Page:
You expect a head coach's roster to change over time, especially on a team like the Steelers that sticks with their HC selection through thick and thin (three head coaches in 45 years...let that sink in). Actually, Tomlin has been reloading this team just about every year since his arrival.

There are only seven players left over from the Cowher era: Ben Roethlisberger, Troy Polamalu, Heath Miller, Ike Taylor, Greg Warren, James Harrison and Brett Keisel. Regarding the last two, Harrison and Keisel, necessity brought them back. The first two, Roethlisberger and Polamalu are future Hall of Fame players and, as such, any first-time HC would have been crazy to do anything but let them play themselves out of a job. Miller, Taylor and Warren, while not HOF material, have been steady contributors who earn their role every year.

Seven players on the roster who Tomlin did not draft; two of which are bound for Canton, and the others have contributed to two Super Bowl appearances. That leaves a whole lot of roster (87 percent) with only Tomlin's fingerprints on it. I didn't realize until I started writing this article, and I suspect many in Steeler Nation are unaware, that Tomlin has been quietly rebuilding this team starting from the "back of the room" if you will.

And why not?  Tomlin smartly realized the great hand he had been dealt, inheriting a Super Bowl-caliber team and, instead of giving in to a new coach's insecurities, he set about leading the team his way and letting the starters and stars do their thing, all the while planning for the long term. The Steelers turned over 19% of their roster in Tomlin's first year (2007), and that was the second lowest total of Tomlin's tenure, behind only the 2010 to 2011 roster changes (15%). Other than those two years, Tomlin and Steelers' GM Kevin Colbert have been turning over the roster at an average rate of 29 percent. That equates to 15 new players every year.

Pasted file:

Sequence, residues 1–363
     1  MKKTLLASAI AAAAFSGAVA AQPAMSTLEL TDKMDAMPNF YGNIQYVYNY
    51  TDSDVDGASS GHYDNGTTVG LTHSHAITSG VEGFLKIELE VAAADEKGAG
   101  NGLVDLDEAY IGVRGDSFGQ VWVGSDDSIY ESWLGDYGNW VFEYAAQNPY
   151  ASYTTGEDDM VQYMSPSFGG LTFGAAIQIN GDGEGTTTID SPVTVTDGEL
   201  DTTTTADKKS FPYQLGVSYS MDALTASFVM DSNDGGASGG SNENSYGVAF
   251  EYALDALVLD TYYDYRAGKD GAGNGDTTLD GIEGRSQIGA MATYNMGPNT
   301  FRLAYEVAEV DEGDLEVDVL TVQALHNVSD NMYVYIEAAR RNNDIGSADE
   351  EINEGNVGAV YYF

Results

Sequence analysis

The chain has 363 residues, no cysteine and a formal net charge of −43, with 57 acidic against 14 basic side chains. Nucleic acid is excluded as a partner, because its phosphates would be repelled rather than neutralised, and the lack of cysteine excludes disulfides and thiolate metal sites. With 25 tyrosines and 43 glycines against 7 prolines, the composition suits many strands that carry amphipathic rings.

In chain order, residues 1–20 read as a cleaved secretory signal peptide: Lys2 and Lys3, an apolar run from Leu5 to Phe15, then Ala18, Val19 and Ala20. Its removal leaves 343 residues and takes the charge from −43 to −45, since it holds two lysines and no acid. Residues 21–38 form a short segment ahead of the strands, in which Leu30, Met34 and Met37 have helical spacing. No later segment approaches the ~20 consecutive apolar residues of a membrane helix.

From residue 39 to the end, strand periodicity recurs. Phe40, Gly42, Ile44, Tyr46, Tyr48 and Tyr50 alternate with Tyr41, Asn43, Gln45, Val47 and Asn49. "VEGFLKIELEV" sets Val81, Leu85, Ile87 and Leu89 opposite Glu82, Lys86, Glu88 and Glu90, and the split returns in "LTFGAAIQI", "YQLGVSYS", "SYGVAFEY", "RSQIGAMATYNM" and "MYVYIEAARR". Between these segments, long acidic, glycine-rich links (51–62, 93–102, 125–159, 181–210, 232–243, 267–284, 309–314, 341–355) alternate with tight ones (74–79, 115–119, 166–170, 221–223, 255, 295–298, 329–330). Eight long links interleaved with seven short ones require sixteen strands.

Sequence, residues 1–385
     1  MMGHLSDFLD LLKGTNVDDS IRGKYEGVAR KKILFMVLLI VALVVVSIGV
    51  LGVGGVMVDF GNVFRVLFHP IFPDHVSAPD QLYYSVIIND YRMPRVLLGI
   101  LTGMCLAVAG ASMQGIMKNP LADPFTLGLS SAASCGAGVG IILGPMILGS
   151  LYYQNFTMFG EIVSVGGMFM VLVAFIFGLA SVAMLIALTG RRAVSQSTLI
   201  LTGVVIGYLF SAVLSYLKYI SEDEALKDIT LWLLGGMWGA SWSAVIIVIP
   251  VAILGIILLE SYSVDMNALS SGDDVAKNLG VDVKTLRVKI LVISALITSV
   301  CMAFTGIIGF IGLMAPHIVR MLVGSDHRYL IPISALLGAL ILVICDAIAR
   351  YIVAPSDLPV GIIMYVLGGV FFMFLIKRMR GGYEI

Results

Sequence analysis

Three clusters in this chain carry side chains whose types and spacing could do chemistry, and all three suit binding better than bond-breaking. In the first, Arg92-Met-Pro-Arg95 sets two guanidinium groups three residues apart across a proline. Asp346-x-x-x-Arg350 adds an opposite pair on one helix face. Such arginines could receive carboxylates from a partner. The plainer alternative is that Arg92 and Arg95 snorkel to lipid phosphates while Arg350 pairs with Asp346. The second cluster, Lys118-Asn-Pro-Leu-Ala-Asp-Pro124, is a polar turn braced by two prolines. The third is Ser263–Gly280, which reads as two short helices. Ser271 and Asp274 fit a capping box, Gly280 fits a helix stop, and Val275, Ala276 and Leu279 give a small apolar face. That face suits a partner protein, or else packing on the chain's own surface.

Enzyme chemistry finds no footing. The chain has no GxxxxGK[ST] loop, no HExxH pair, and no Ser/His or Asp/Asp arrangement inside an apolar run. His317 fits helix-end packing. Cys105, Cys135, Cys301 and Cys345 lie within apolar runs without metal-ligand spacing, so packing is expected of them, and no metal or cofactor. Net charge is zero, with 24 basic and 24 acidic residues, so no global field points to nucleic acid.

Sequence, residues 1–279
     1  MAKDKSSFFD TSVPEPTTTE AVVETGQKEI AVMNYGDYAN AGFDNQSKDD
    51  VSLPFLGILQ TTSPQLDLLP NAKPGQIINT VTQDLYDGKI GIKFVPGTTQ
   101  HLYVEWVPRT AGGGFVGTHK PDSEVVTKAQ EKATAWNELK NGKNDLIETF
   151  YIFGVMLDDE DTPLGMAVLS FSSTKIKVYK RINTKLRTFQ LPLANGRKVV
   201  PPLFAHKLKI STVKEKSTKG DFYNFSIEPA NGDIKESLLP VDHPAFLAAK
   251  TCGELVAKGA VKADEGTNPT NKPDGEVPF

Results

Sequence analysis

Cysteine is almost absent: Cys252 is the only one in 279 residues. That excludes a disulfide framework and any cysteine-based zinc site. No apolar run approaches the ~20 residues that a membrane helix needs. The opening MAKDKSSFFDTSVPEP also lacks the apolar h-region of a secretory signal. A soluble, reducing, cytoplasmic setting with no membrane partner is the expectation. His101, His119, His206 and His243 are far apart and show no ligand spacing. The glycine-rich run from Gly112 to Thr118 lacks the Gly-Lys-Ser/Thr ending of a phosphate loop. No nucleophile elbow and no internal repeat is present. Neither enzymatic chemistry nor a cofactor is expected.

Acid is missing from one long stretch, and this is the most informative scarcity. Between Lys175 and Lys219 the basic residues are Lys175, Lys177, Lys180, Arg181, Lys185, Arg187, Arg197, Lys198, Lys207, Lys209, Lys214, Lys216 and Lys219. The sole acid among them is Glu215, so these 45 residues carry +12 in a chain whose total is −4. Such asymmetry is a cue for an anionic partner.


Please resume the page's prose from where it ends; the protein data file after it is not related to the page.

It takes time to build depth. It takes time for players to grow into their positions and their roles on the team. It takes time to build something greater than the mere sum of its parts. From 2011 to 2014 alone, Tomlin and Colbert have turned over 64 percent of the roster.

And all the while, Mike Tomlin and his chosen coaches (Dick LeBeau he chose to keep, in keeping with his treatment of another coach's star players) have been quietly rebuilding this team around the veterans he inherited. Remember during the Divisional Championship game last Sunday against the Cincinnati Bengals, how broadcaster Chris Collinsworth repeatedly remarked on how the Steelers secondary was a "patchwork of castoff players" who have over the course of this season melded together into an effective unit? Tomlin's and Colbert's work.

Want more proof? Who picked Antonio Brown, Le'Veon Bell, Lawrence Timmons, William Gay (twice), Martavis Bryant? Who brought Carnell Lake in to become the secondary coach? Danny Smith to coach special teams? Joey Porter? (Joey Freaking Porter as a coach?) Hall of Famer Mike Munchak to coach the offensive line? Who made the tough decision to release running back coach Kirby Wilson? And with all of the visible and quantifiable improvements each of these choices are now demonstrating, who made them? Mike Tomlin.

I implied above that Tomlin was evolving this team into something different than what we're used to seeing, and it takes time. I have no doubt now that, given a little more time due to the complexities of LeBeau's schemes, the Steelers defense will show similar prowess in 2015 as the offense has shown this season.

So yes, I'm ready to proclaim myself as a tardy-but-nonetheless-enthusiastic believer in Mike Tomlin. Viewing just the 2014 season alone, Steeler Nation can practically chart the coalescence of this team into the AFC North Division Champions that they are. More importantly, who has led the Steelers' development into the seventh-highest scoring team in the NFL; the second-highest yard gaining team (only 3 tenths of a yard behind the New Orleans Saints); the second-highest yards per play team; the second-highest first downs per game team; one of the least penalized teams in the NFL (ranked 20 on offense, 26 on defense)?  Mike Tomlin.

PaVaSteeler is now a believer.